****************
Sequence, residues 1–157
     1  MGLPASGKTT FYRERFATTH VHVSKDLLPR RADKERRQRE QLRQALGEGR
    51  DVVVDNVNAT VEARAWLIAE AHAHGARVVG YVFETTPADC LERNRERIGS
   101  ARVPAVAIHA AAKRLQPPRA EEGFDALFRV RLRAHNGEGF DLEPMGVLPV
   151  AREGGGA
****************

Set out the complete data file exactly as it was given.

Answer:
Sequence, residues 1–157
     1  MGLPASGKTT FYRERFATTH VHVSKDLLPR RADKERRQRE QLRQALGEGR
    51  DVVVDNVNAT VEARAWLIAE AHAHGARVVG YVFETTPADC LERNRERIGS
   101  ARVPAVAIHA AAKRLQPPRA EEGFDALFRV RLRAHNGEGF DLEPMGVLPV
   151  AREGGGA